Tuesday, November 27, 2018

Aortic Dissection Life Lessons Learned Seven Years Post Op

Δακρυόεν γελάσασα
Its been seven years today since severe back and jaw pain prompted me to drive to Memorial Hospital in Jacksonville.

Unfortunately I didn't think to call 911 and parked in the parking garage on the opposite end of the hospital campus from the ER.

Walking from the car I just really wanted to sit down in the cold night and close my eyes. But I kept walking until the glazing lights of the Emergency Room sign shown close by.  Sliding glass doors opened, I walked up to the desk and thankfully the ER doctor on call quickly ordered a CT scan.

And the the rest that followed is detailed on other pages in my blog here.

But what has living for seven years with a Dacron ascending aorta, a St. Jude mechanical valve and an existing extensive dissected descending aorta taught me?

Medical technology is amazing and with every day new procedures are perfected.  No longer is an ascending dissection always lethal.  The first year I was sure I was going to die any day.

I still think I could die any day but so could any of us.  Even my cardiothoracic surgeon often says, "if I didn't see you sitting here talking to me I'd think from your CT scans you would either be dead or on an operating table".  Yet I still wake each morning.  I call it successful adaptation and LUCK.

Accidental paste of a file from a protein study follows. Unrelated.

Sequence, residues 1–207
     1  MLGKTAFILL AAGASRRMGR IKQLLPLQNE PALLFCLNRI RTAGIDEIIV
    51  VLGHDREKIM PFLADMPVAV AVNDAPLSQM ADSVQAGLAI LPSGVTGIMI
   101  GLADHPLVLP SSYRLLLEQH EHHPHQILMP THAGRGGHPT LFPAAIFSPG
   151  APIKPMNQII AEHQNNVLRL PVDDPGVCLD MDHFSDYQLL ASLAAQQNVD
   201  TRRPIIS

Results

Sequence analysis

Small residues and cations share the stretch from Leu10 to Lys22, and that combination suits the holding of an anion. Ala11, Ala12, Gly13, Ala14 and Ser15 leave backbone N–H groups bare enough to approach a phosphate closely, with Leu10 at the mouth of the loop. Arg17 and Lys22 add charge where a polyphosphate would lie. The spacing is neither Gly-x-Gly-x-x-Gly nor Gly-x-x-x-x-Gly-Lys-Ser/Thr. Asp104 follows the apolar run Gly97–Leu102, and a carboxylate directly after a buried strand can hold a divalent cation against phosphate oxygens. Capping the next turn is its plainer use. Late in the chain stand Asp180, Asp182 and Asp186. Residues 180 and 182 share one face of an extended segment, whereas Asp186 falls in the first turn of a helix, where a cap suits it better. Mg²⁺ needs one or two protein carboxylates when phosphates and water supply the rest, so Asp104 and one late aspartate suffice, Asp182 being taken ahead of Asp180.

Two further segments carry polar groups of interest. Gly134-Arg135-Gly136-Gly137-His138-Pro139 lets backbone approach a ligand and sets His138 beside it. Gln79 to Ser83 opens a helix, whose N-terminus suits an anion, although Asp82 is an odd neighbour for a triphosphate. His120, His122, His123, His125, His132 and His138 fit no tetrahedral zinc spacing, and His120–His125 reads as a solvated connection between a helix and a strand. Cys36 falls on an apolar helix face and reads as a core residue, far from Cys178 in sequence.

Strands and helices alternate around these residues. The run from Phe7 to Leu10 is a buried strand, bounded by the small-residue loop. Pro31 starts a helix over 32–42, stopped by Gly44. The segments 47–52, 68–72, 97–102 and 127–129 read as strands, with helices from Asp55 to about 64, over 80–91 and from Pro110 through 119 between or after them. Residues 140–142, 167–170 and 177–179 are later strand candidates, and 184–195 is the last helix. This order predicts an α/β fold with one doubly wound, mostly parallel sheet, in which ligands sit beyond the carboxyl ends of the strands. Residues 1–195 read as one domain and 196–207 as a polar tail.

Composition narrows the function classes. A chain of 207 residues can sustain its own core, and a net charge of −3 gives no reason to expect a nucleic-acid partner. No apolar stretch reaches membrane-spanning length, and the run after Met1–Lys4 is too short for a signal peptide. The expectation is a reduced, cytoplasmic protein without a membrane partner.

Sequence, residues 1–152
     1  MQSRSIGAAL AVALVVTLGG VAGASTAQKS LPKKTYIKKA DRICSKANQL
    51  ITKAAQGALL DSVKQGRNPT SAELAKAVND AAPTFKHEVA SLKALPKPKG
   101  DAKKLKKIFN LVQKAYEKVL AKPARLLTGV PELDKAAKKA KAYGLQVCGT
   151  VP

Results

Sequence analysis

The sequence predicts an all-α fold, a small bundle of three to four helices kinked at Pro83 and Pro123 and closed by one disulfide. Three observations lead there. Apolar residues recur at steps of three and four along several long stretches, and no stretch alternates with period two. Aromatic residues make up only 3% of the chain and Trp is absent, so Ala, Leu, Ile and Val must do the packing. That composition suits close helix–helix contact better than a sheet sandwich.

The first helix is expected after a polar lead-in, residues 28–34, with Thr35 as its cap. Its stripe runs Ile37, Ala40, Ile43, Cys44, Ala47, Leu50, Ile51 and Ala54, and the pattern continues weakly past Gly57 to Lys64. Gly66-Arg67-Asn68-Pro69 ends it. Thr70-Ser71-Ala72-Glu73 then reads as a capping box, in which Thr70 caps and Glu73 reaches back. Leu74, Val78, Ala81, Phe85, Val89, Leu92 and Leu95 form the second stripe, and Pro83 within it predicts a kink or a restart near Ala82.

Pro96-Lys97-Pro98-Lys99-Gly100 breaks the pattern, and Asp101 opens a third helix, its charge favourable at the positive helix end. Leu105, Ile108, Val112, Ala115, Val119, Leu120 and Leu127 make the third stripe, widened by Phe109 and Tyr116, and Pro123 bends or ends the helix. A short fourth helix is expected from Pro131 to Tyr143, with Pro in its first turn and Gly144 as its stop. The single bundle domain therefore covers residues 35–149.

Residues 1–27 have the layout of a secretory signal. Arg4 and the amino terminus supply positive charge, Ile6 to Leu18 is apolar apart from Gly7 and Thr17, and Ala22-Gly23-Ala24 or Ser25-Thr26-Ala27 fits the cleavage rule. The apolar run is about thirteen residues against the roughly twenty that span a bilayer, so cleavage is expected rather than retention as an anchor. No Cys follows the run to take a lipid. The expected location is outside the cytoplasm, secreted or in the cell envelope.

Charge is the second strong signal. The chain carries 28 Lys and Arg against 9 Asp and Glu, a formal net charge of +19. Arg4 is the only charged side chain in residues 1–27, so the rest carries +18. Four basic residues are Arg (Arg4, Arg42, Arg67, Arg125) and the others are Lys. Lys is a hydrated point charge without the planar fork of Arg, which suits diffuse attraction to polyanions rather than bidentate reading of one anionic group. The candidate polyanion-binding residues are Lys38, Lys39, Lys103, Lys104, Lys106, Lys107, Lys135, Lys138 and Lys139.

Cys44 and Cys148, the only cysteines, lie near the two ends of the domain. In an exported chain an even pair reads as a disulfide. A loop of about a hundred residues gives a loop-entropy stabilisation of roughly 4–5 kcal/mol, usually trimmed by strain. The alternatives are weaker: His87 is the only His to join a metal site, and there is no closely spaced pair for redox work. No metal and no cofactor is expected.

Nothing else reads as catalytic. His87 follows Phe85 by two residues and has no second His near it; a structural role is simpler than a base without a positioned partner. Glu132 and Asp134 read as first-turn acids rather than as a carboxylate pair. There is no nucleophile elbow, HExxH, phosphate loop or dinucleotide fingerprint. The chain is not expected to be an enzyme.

Seven years has dulled the anxiety of living on a thin line between life and death.  Living with a connective tissue disorder (Marfan Syndrome - for more info visit The Marfan Foundation website) I know genetic challenges are always present.  Today I am really surprised but happy and grateful when I awaken each morning.

Seven years has impressed on me the importance of awareness.  Every ER medical staff should think CT scan first sign of chest or jaw pain.

Seven years I've read and repeated the 'Ritter Rules' every day.

Seven years is time enough to reflect on love of family and show me how much I appreciate my wife, parents, children, grandchildren, siblings and nieces and nephews.

Seven years has given me an opportunity to make and reestablish amazing friendships.

Seven years opened my eyes to how much people really care and will do to help.